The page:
|Pat Tirrell, Tirrell Centennial Farm, Charlotte, Mich.
(June 1, 2010) Tirrell Centennial Farm is a seventh-generation farm located just outside of Charlotte, Mich. The operation currently raises about 500 ewes and feeds out its lambs. For years, the Tirrells have been involved in direct marketing lambs to ethnic buyers from surrounding urban areas. Recently, the family has also started a small sheep dairy, producing its own artisan sheep cheese. The Tirrells sell these from their own small storefront to local customers.
Why are you an ASI Guard Dog member?
“I decided to become a Guard Dog member because I see all the challenges facing production agriculture and the sheep industry. Here in Michigan, we face numerous issues in the interaction between population and farms. Everything from environmental regulation to animal rights issues to the use of antibiotics threatens the viability of the U.S. sheep industry. I think supporting efforts like ASI’s (American Sheep Industry Association) Guard Dog Fund are necessary to insure the future of family farms like ours.”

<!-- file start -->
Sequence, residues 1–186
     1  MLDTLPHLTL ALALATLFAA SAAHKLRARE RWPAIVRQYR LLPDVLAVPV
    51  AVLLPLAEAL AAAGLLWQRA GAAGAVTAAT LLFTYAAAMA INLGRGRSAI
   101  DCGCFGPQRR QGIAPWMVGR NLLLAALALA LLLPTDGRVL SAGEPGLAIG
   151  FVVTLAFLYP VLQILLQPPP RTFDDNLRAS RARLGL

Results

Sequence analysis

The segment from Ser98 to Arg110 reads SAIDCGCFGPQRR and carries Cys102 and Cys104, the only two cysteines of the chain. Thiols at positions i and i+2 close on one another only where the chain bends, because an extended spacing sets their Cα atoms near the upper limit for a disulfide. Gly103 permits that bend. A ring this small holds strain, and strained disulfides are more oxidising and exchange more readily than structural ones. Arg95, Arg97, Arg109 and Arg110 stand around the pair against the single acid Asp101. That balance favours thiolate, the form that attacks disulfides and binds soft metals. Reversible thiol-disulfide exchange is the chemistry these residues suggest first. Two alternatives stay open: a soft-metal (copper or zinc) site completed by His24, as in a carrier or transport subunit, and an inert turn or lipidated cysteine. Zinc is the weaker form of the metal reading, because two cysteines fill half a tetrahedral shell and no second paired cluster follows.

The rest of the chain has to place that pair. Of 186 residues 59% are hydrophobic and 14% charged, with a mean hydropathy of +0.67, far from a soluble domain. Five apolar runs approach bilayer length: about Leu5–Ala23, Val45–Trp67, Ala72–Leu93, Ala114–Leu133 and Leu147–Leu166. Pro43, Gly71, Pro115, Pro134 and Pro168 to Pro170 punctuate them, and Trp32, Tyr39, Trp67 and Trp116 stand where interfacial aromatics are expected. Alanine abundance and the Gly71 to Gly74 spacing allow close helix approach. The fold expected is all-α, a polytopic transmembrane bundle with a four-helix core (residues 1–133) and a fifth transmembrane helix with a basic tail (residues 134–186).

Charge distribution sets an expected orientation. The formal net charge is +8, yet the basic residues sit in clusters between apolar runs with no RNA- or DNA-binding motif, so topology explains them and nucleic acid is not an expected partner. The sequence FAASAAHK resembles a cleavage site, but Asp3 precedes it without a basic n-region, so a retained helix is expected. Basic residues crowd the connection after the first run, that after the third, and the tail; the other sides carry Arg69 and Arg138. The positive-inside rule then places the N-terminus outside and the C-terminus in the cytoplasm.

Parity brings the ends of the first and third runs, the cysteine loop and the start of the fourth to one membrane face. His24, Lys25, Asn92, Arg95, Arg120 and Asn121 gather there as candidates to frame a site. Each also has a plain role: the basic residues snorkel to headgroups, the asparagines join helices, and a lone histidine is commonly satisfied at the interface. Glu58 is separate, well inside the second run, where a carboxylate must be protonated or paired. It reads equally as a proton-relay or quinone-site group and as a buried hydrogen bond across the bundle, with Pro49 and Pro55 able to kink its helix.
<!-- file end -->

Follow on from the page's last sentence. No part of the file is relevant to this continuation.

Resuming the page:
How do you think the industry has benefited from the Guard Dog funds?
“It seems to me that the Guard Dog Fund has been effective in representing the interests of sheep producers on numerous national problems. In a world where I see even more such issues arising in the future, this fund and the work it does are more important than ever. Many national groups are working very hard against our interests and those of other agricultural producers; we have to be ready to take these types of organizations on in Washington.”
What do you think are the industry’s biggest needs for the future?
“To me, the biggest need of the U.S. sheep industry in the coming years exists in terms of marketing. The American Lamb Board is already making some great strides in this regard, but we need to keep working on exposing the public to what a fantastic product American lamb is. Another issue that goes along with this is insuring that we maintain our processors. Without an array of meat processors competing for our lambs, the kind of growth and acceptance we need to achieve in the American diet will not be possible.”
Established in 2001, the Guard Dog Program utilizes the recommendations and donations of dedicated industry individuals to address a variety of issues. We hope you enjoy learning about these individuals, their business and their foresight for the U.S. sheep industry. If you would like to become a member of the Guard Dog Program, contact the American Sheep Industry Association at 303-771-3500 or firstname.lastname@example.org.